To determine if a treadmill-workstation (TMWS) increases physical activity (PA) and influences anthropometric, body composition, cardiovascular, and metabolic variables in overweight and obese office-workers.
Twelve (mean age= 46.2 ± 9.2 years) overweight/obese sedentary office-workers (mean BMI= 33.9 ± 5.0 kg·m-2) volunteered to participate in this 9-month study. After baseline measurements of postural allocation, steps per day, anthropometric variables, body composition, cardiovascular, and metabolic variables, TMWS were installed in the participants’ offices for their use. Baseline measurements were repeated after 3 and 9 months. Comparisons of the outcome variables were made using repeated-measures ANOVAs or nonparametric Friedman’s Rank Tests.
Between baseline and 9 months, significant increases were seen in the median standing (146−203 min·day-1) and stepping time (52−90 min·day-1) and total steps/day (4351−7080 steps/day; P < .05). Correspondingly, the median time spent sitting/lying decreased (1238−1150 min·day-1; P < .05). Using the TMWS significantly reduced waist (by 5.5 cm) and hip circumference (by 4.8 cm), low-density lipoproteins (LDL) (by 16 mg·dL-1), and total cholesterol (by 15 mg·dL-1) during the study (P < .05).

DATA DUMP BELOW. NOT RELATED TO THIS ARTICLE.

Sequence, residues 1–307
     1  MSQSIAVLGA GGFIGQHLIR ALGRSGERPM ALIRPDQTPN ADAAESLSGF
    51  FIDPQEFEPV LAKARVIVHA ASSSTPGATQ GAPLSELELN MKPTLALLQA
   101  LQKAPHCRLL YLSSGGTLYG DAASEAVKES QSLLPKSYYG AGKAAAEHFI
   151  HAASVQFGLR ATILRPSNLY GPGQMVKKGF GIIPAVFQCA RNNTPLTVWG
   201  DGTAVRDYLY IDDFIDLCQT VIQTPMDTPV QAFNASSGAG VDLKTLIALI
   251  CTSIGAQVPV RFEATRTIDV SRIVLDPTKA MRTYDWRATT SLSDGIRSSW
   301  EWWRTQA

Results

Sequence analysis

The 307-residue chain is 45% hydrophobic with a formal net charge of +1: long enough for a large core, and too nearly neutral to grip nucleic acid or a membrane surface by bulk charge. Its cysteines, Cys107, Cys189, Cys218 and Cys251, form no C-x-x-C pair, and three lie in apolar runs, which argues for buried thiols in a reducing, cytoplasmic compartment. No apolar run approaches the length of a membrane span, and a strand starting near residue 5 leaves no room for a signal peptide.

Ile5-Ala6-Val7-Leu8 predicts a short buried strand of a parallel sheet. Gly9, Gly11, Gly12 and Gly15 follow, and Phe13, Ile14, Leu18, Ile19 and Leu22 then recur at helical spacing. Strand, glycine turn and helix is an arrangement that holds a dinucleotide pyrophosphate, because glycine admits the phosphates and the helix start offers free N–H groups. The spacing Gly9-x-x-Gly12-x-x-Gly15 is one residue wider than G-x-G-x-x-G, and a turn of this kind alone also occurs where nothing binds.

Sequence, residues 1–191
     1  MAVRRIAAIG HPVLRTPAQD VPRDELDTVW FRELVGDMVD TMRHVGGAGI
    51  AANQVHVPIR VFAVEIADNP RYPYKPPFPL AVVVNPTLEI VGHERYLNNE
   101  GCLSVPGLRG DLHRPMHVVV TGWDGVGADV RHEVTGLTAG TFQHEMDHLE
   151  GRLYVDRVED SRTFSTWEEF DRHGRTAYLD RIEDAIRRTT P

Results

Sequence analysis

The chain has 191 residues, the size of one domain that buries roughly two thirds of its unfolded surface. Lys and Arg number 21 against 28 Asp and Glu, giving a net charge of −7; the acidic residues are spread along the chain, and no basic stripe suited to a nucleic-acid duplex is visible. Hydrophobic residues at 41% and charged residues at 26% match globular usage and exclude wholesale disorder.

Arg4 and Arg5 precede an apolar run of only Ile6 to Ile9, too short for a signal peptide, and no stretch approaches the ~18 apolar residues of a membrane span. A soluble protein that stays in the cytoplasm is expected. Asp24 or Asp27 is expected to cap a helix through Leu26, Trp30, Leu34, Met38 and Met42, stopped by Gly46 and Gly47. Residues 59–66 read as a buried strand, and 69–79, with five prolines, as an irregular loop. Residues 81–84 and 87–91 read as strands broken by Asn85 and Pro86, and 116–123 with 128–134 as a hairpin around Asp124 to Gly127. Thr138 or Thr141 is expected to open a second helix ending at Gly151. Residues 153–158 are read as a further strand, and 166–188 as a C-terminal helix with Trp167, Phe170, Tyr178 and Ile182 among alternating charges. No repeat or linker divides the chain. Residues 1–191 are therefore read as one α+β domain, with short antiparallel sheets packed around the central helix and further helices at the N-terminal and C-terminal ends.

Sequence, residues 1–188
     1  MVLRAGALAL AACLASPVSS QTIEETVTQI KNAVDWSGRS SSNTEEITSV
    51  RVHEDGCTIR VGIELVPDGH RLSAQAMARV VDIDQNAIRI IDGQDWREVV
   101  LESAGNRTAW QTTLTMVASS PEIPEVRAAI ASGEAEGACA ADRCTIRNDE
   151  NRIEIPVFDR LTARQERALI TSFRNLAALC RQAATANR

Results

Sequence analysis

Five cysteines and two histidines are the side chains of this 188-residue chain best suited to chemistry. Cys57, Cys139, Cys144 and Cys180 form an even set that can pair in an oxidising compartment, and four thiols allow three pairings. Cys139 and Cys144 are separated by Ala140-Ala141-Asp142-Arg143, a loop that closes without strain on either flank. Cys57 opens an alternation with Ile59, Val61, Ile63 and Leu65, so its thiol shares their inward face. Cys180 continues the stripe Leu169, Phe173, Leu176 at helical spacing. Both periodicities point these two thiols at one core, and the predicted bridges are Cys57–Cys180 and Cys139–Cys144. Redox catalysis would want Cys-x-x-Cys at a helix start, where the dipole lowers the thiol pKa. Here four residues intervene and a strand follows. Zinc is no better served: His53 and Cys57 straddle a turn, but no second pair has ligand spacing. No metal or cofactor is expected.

The additional PA energy expenditure from using the TMWS favorably influenced waist and hip circumferences and lipid and metabolic profiles in overweight and obese office-workers.
John is with the Dept of Kinesiology, University of Massachusetts, Amherst, MA. Thompson and Bassett are with the Dept of Exercise, Sport, and Leisure Studies, University of Tennessee, Knoxville, TN. Raynor is with the Dept of Nutritional Sciences, University of Tennessee, Knoxville, TN. Bielak is with the Dept of Family Medicine, University of Tennessee, Knoxville, TN. Rider is with the College of Education, Health, and Human Sciences, University of Tennessee, Knoxville, TN.